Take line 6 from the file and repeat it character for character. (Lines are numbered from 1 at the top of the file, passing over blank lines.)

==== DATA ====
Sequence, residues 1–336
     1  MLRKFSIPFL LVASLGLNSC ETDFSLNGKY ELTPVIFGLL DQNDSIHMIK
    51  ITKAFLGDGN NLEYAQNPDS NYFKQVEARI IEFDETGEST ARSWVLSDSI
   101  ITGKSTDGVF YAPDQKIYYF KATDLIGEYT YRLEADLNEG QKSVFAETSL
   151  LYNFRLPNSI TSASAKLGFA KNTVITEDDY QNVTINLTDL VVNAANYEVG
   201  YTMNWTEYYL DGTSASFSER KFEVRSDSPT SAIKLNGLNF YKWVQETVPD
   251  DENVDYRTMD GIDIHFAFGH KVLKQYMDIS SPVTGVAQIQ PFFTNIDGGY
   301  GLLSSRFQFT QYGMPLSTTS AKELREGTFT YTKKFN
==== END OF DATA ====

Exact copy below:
   201  YTMNWTEYYL DGTSASFSER KFEVRSDSPT SAIKLNGLNF YKWVQETVPD